Released: September 5, 2014
Genre: Indie Rock, Lo-fi
Number Of Tracks: 15
Karen O's first solo album is a kind of ethereal audio trip that takes you through a weird ordeal of emotional longing and pain in short snippets of songs, mostly under 2 minutes each.
Crush SongsFeatured review by: UG Team, on september 16, 2014 3 of 4 people found this review helpful
Sound: Karen O is known for being the frontwoman of the Yeah Yeah Yeahs, which initially broke out almost immediately when they began opening for the White Stripes and the Strokes in 2001. Since that time the Yeah Yeah Yeahs have released four full length albums and multiple EPs. Their last album, "Mosquito," was released in 2013. Their sound, which Karen O adopts in large part for her solo material, is lo-fi artsy punk music reminiscent of the Velvet Underground and Siouxsie and the Banshees but with a more modern approach. Karen O teams up with Imaad Wasif on guitar for this release. "Crush Songs" contains fifteen tracks with a total runtime of approximately 25 minutes. The album is almost exclusively layered and/or processed vocals by Karen O sang over minimalist guitar provided by Imaad Wasif. The songs included on the album were recorded between 2006 and 2010.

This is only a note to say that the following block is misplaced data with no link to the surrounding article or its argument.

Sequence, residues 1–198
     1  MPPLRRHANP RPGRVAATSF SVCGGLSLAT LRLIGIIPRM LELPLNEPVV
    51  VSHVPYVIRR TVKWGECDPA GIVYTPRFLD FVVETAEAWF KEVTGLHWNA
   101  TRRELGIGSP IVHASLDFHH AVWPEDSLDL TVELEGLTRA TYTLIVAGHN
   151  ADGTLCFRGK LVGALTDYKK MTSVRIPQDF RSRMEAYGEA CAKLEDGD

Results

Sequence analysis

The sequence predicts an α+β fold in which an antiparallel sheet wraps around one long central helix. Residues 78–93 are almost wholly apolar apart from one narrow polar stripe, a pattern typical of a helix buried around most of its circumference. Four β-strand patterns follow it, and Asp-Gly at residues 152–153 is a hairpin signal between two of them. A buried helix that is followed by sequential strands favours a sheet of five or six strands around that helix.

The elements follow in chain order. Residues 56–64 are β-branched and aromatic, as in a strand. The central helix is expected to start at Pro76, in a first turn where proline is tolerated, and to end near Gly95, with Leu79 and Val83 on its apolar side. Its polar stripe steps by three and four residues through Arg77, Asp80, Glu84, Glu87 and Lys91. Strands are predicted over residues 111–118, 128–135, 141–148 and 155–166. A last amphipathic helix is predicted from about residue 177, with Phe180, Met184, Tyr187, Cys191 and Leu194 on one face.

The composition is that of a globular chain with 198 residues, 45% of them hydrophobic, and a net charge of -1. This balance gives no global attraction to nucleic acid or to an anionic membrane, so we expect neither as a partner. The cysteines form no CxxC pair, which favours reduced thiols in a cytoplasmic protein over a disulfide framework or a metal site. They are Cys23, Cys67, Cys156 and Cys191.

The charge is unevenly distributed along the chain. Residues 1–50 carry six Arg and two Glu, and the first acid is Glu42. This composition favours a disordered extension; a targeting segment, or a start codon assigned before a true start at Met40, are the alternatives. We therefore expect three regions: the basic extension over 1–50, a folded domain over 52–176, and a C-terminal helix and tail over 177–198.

The album opens up with the track "Ooo" with a simple guitar track and some reverb-laden vocals, a second vocal track mixed low in the background humming along to the guitar. "Rapt" is the second track and has the guitar following the vocal melody, which is a nice effect for the track and gives a lot more emphasis to the vocals. The vocal tracks are at least doubled or a really good chorus effect is being used on the vocals. "Visits" uses some type of computer generated percussion and lo-fi style vocals. "Beast" has an effect-drenched guitar, a cleaner tone but with a lot of delay and chorus type effects, and some more straightforward vocals except for brief moments of multi-tracking on the vocals. "Comes the Night" uses multiple vocal tracks and a very simple melody on guitar. "NYC Baby" uses a pretty serious chorus effect and Karen O's voice is accompanied by another simple guitar part. "Otherside" is more of the same stuff, but with the "lo-fi" more prominently on display. There is also some light percussion used on "Otherside," possibly a maraca. "So Far" stands out for having a more interesting guitar part, even in the minimal form it takes and the squelch noises included from fingers sliding along the frets/guitar strings. "Day Go by" is possibly one of the songs that sound the most like what I think of as a fully thought out/written song, while many of the other songs do sound like roughly recorded song ideas.